After pondering the question, I’ve decided that I don’t want or need to go any further into the content of Sir Bevis: there’s nothing at all remarkable about it in a literary sense. It’s the bigger picture, the existence of Sir Bevis in this format in the first place, that is the important point, and the reason I couldn’t bring myself to just skip over it.
The story of Bevis of Hampton is much, much older than its 1689 rendering. For once, I think it’s easiest just to quote Wikipedia:
Bevis of Hampton (Old French: Beuve(s) or Bueve or Beavis de Hanton(n)e; Anglo-Norman: Boeve de Haumtone; Italian: Buovo d’Antona) or Sir Bevois, is a legendary English hero and the subject of Anglo-Norman, Dutch, French, English, Venetian and other medieval metrical romances that bear his name. The tale also exists in medieval prose versions, was transmitted to Romania and Russia, and was adapted into Dutch, Irish, Welsh, Old Norse and Yiddish… The oldest extant version, Boeve de Haumtone, an Anglo-Norman text, dates from the first half of the 13th century. It comprises 3,850 verses written in alexandrines.
(3,850 verses!? Apparently I should be counting my blessings…)
The story of this story is remarkable, and worth a read in full – here – particularly the assertion, one hard to argue with, that some version of this story was influential in the creation of Hamlet. (Long story short, Bevis’s mother conspires with her lover to murder her husband and son; the husband is killed but Bevis is saved and hidden by his maternal uncle, and later comes back for revenge—he’s a lot less indecisive about it than his descendent.)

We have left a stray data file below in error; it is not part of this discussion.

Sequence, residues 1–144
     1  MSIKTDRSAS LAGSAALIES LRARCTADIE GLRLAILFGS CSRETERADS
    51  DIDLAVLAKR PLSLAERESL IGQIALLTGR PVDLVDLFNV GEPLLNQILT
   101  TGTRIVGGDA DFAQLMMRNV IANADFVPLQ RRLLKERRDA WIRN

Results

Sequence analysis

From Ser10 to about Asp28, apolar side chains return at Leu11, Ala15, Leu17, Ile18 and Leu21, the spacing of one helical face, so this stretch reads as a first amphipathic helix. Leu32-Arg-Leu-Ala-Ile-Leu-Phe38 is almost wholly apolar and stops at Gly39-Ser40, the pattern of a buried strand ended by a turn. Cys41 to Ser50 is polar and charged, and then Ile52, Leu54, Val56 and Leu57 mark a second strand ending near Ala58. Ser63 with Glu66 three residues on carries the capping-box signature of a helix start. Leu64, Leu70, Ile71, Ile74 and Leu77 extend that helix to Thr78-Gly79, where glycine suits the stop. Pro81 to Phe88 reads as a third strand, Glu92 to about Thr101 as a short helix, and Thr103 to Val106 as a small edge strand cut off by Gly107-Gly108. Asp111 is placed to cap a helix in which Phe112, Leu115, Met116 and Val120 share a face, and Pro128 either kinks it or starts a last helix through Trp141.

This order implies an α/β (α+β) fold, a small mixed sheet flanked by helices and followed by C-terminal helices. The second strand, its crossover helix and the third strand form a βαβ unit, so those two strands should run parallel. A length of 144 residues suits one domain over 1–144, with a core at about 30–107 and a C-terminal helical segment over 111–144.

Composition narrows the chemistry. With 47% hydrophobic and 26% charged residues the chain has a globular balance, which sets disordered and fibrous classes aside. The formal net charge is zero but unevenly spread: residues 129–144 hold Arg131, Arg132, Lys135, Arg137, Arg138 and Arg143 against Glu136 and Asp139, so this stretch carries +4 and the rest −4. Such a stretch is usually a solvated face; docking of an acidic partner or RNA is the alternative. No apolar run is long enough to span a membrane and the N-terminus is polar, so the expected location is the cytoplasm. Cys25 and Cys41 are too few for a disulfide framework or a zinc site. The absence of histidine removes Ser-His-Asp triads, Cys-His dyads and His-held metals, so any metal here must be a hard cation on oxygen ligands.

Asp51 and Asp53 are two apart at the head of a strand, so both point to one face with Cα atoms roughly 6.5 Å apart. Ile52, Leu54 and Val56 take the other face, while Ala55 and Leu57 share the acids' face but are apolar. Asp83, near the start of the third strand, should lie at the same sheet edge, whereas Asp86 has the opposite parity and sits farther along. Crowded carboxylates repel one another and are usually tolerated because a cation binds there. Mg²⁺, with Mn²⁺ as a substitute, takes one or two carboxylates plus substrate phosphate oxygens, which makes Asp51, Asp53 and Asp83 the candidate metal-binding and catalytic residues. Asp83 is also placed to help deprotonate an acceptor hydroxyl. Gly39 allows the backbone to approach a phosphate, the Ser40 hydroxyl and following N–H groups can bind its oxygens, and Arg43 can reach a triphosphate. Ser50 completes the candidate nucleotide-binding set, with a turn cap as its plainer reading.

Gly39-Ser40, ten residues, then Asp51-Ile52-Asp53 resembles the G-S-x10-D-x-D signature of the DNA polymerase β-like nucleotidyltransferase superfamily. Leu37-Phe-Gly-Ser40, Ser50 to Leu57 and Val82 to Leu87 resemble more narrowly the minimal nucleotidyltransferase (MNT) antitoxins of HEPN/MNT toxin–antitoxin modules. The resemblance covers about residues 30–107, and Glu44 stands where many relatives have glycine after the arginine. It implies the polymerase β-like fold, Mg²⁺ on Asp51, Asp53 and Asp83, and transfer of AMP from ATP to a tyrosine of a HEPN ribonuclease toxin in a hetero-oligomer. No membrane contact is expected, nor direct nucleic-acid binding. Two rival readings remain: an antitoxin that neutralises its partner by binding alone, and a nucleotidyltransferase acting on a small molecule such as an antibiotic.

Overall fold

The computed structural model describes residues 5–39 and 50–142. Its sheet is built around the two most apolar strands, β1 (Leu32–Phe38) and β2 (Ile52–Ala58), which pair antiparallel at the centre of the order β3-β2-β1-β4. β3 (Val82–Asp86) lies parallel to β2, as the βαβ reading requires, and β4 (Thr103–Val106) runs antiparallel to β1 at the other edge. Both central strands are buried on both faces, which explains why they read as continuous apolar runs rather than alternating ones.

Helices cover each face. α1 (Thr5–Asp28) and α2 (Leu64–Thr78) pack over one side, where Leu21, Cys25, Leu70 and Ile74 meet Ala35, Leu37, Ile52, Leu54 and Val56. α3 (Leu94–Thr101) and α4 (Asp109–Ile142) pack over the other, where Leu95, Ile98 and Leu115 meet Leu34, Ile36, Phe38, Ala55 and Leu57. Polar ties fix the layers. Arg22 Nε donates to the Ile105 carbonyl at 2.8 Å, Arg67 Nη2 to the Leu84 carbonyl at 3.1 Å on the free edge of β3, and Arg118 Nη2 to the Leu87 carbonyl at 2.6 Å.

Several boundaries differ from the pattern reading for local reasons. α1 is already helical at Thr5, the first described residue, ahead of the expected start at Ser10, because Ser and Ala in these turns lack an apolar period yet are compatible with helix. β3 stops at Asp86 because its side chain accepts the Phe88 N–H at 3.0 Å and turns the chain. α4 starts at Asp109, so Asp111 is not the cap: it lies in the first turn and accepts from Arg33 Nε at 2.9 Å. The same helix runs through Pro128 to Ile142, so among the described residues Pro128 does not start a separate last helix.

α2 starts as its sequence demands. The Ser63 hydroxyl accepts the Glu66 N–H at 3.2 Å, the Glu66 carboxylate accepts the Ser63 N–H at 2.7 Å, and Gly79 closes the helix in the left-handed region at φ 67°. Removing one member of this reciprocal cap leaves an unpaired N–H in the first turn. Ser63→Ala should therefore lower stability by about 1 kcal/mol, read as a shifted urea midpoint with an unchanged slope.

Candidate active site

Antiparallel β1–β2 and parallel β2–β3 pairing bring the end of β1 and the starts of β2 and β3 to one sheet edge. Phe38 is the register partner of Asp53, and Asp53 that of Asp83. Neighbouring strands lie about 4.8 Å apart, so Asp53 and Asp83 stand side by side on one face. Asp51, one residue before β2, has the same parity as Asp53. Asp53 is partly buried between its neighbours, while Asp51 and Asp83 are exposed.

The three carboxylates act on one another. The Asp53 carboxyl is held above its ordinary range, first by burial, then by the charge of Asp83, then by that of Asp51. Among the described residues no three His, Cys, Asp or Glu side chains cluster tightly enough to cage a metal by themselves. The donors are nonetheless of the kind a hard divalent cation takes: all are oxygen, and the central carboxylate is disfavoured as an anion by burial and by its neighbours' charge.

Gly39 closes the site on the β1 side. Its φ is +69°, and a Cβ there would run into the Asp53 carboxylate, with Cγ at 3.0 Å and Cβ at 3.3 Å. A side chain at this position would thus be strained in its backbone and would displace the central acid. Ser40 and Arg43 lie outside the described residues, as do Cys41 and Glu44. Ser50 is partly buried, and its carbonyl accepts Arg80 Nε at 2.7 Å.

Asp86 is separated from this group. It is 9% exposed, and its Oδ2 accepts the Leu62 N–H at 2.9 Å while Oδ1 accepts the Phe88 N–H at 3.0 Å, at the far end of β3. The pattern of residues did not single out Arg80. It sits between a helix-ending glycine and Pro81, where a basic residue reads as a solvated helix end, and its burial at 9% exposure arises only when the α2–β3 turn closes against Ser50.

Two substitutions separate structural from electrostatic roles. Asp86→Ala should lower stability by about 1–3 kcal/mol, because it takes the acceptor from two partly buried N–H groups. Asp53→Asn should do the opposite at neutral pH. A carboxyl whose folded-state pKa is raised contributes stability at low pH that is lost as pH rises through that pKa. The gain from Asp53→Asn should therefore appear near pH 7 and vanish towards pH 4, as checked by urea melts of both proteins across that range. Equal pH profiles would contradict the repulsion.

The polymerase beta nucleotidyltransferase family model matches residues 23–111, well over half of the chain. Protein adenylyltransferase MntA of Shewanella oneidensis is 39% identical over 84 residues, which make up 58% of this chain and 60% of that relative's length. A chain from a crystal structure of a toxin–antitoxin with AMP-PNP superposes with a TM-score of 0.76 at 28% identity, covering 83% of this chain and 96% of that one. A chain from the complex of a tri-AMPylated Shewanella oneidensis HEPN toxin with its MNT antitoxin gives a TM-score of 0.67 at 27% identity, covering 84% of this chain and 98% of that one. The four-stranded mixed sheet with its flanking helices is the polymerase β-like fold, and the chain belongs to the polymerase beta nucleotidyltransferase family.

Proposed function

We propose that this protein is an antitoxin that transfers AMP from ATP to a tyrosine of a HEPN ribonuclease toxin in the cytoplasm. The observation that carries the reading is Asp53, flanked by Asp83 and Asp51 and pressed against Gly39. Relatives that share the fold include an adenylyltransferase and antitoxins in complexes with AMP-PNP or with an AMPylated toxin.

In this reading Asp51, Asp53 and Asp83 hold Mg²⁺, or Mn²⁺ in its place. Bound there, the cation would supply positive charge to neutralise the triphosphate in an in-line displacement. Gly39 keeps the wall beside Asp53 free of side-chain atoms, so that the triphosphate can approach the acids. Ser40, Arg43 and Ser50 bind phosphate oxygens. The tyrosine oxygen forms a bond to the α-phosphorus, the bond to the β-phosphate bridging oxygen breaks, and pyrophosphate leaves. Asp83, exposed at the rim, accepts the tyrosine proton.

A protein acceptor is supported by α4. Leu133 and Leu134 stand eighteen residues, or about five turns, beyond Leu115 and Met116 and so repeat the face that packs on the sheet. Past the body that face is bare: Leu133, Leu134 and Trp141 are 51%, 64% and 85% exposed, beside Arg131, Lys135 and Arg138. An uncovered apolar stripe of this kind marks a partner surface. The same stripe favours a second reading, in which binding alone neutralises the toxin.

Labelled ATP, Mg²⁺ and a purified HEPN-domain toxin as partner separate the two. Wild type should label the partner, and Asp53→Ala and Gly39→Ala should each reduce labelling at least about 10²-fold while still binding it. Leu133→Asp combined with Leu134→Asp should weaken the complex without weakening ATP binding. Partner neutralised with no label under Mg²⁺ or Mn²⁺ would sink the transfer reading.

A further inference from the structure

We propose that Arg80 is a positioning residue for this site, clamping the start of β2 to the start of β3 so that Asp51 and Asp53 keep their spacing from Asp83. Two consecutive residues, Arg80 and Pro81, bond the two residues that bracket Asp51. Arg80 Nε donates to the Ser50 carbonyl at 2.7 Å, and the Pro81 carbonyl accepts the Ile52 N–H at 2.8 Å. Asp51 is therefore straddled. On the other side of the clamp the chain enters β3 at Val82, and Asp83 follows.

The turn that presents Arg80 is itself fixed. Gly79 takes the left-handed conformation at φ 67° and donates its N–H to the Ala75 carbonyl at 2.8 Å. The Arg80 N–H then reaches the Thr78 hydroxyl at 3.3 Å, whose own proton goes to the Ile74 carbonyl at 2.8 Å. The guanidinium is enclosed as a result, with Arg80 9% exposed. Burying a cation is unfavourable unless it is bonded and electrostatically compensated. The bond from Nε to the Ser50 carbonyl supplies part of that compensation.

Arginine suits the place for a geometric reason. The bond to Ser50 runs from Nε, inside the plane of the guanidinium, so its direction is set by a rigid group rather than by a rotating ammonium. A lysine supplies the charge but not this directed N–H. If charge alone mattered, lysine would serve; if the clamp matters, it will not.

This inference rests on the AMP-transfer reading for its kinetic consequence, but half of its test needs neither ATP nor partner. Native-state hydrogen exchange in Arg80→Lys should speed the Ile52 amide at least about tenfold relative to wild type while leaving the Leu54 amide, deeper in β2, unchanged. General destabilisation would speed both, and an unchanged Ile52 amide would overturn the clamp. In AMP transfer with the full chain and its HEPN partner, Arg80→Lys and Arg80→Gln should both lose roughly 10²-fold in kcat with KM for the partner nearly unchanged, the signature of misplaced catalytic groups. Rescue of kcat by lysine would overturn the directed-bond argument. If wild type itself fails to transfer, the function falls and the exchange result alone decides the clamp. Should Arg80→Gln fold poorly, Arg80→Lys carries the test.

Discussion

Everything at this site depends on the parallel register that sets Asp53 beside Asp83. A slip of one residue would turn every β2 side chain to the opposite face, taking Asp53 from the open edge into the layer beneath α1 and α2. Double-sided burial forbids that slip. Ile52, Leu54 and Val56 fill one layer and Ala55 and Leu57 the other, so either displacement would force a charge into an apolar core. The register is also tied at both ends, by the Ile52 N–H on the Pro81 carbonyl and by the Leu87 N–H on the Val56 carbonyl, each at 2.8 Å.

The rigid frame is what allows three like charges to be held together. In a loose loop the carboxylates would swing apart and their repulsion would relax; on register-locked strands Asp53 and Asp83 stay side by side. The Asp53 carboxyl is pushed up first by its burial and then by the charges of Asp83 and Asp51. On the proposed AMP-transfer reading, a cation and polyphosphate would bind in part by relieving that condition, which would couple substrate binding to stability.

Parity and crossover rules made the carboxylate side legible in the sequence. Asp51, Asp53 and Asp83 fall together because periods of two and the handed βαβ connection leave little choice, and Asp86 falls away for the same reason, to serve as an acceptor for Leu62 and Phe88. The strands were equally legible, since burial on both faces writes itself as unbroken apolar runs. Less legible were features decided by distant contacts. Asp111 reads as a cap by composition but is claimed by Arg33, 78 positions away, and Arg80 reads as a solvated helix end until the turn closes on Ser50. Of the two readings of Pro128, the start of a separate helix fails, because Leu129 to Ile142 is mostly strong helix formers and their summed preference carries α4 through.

Historically, the tale of Sir Bevis was astonishingly popular (which makes me feel a little bad for hating the 1689 version so very much). However, the aspect of it that I want to focus on is the shifting formats of the re-telling of the legend. As noted, this story was most often told in the form of an epic poem, either the English metrical romance or the French chanson de geste; with translations and adaptations toggling back and forth between the two nations before spreading to other countries and languages. Remarkably, the story of Sir Bevis became the first non-religious work to be printed in Yiddish, albeit in a somewhat de-Christianised version. (I’m curious how that might have worked, given the traditional plot…)